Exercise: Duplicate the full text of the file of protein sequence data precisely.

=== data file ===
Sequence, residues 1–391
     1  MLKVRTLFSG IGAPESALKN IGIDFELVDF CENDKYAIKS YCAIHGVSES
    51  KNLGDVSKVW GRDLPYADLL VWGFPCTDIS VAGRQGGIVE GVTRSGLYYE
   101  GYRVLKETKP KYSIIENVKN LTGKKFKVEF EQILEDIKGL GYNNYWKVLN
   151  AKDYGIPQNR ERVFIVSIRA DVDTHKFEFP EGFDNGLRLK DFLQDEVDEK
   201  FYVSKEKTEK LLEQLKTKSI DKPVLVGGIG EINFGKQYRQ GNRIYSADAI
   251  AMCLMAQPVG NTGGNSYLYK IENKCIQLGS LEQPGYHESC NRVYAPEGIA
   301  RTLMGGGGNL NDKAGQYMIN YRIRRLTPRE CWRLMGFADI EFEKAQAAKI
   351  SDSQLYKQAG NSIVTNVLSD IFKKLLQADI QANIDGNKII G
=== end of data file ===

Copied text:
Sequence, residues 1–391
     1  MLKVRTLFSG IGAPESALKN IGIDFELVDF CENDKYAIKS YCAIHGVSES
    51  KNLGDVSKVW GRDLPYADLL VWGFPCTDIS VAGRQGGIVE GVTRSGLYYE
   101  GYRVLKETKP KYSIIENVKN LTGKKFKVEF EQILEDIKGL GYNNYWKVLN
   151  AKDYGIPQNR ERVFIVSIRA DVDTHKFEFP EGFDNGLRLK DFLQDEVDEK
   201  FYVSKEKTEK LLEQLKTKSI DKPVLVGGIG EINFGKQYRQ GNRIYSADAI
   251  AMCLMAQPVG NTGGNSYLYK IENKCIQLGS LEQPGYHESC NRVYAPEGIA
   301  RTLMGGGGNL NDKAGQYMIN YRIRRLTPRE CWRLMGFADI EFEKAQAAKI
   351  SDSQLYKQAG NSIVTNVLSD IFKKLLQADI QANIDGNKII G